The Obamas’ second first dog is a chance to talk about all dogs

The Obamas' dog, Bo, left, is joined by Sunny, the new addition to the Obama family, on the South Lawn of the White House on Monday.
The Obamas’ dog, Bo, left, is joined by Sunny, the new addition to the Obama family, on the South Lawn of the White House on Monday.
(Associated Press)

Despite President Obama’s mention during his 2012 victory speech that “one dog’s probably enough,” apparently it wasn’t. The Obamas have expanded the first family with another Portuguese water dog, which they named Sunny. All we know about Sunny is that she hails from Michigan, is 14 months old and appears to be as impossibly cute as Bo, the dog that she is intended to be a playmate for, frolicking on the White House lawn.

We don’t know if the Obamas got Sunny from a breeder, but Bo came from a breeder, a respected one. Most people in the animal welfare community had hoped that the Obamas would adopt a dog from a rescue organization or a shelter, and the president said in 2008 after he was elected that his preference was to get a shelter dog. I understand that the Obamas have some constraints on their dog selection, foremost being that their daughter Malia has allergies, so their pet needed to be a hypoallergenic breed.

Still, whether Sunny came from a breeder or not, the Obamas made some admirable moves with their second first dog. They chose a dog over a year old, a reminder that there are plenty of wonderful dogs out there for adoption that are not little puppies. And in honor of Sunny’s arrival at the White House, the Obamas made a donation, in an undisclosed amount, to the Washington Humane Society.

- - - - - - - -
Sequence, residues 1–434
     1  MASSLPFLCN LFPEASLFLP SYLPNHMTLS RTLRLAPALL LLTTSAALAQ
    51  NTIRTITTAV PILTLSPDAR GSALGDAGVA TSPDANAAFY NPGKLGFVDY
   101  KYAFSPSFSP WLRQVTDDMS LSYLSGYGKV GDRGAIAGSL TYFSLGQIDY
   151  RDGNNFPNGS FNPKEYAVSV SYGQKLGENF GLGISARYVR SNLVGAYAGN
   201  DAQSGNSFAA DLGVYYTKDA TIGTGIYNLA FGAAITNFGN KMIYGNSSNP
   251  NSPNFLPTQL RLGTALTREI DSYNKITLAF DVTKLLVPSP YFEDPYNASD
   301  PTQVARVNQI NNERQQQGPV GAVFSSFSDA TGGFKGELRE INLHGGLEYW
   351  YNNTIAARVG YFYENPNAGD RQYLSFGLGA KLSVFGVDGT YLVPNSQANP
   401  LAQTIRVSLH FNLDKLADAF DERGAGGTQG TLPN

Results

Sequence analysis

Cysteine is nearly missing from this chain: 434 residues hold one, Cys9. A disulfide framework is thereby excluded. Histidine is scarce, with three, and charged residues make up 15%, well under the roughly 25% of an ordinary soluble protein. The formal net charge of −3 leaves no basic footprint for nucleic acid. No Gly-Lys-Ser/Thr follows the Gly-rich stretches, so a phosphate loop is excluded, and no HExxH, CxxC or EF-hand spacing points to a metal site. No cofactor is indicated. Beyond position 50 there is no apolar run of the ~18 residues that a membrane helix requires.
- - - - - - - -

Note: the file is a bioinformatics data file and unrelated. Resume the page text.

Wouldn’t it be great if everyone who got a dog from a breeder also made a contribution to a local rescue group or shelter? Across the country, rescuers and shelters work hard to care for thousands of homeless animals and adopt them out. Increasingly, I run across people who have adopted a dog or cat from a shelter or rescue group and found a remarkable pet.


But there is a place for responsible breeding. Wayne Pacelle, chief executive of the Humane Society of the U.S., has said as much and only cautions people to avoid backyard breeders (who may be overbreeding their dogs or keeping them in bad housing) and pet stores, the overwhelming majority of which get their dogs from puppy mills. The only exception is a pet store that follows a humane model and only gets its animals from shelters or rescue groups. (There are a few in Los Angeles.)

Puppy mills -- large-scale commercial breeders -- are technically not illegal (unfortunately) but are governed by minimal standards of health and safety and often don’t meet those, although they are subject to federal inspection. Nonetheless, they are usually little more than factory farms where dogs are bred too often and kept under horrible, often filthy conditions. Puppy mill dogs sold on the Internet are subject to no regulation at all. But the U.S. Department of Agriculture is working to change that. The department wants to implement a new rule that will require large-scale breeders selling over the Internet or by mail or phone to be licensed and inspected under, at least, the existing federal standards.

The White House -- now the home of what seem to be two responsibly bred dogs -- should make that rule final.



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